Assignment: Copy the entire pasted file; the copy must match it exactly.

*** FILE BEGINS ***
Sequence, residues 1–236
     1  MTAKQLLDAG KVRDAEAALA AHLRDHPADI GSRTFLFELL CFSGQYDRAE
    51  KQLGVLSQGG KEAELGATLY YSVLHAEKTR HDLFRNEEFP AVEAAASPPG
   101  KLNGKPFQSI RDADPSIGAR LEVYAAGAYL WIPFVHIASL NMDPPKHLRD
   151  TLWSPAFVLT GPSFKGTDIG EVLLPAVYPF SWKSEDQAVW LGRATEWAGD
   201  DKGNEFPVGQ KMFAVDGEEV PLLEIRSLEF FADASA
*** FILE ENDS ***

Sequence, residues 1–236
     1  MTAKQLLDAG KVRDAEAALA AHLRDHPADI GSRTFLFELL CFSGQYDRAE
    51  KQLGVLSQGG KEAELGATLY YSVLHAEKTR HDLFRNEEFP AVEAAASPPG
   101  KLNGKPFQSI RDADPSIGAR LEVYAAGAYL WIPFVHIASL NMDPPKHLRD
   151  TLWSPAFVLT GPSFKGTDIG EVLLPAVYPF SWKSEDQAVW LGRATEWAGD
   201  DKGNEFPVGQ KMFAVDGEEV PLLEIRSLEF FADASA